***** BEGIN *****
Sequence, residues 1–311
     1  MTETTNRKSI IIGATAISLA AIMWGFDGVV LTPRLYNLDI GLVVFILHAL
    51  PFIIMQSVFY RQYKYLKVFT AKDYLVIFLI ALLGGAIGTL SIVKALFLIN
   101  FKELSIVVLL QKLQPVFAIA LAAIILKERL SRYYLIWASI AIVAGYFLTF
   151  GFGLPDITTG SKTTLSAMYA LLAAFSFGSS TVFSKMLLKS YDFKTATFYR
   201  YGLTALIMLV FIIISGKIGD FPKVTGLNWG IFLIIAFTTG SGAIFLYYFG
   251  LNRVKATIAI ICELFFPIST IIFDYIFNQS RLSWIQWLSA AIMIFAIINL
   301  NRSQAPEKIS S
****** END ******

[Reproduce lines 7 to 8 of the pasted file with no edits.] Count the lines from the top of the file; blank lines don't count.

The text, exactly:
   251  LNRVKATIAI ICELFFPIST IIFDYIFNQS RLSWIQWLSA AIMIFAIINL
   301  NRSQAPEKIS S